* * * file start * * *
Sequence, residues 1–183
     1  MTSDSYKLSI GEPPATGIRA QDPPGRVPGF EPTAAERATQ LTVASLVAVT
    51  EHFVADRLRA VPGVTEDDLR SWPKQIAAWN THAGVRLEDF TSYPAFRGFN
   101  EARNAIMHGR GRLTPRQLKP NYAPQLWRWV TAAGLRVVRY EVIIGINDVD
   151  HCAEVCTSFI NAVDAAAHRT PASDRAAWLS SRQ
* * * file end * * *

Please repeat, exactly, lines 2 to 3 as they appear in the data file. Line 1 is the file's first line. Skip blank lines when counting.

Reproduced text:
     1  MTSDSYKLSI GEPPATGIRA QDPPGRVPGF EPTAAERATQ LTVASLVAVT
    51  EHFVADRLRA VPGVTEDDLR SWPKQIAAWN THAGVRLEDF TSYPAFRGFN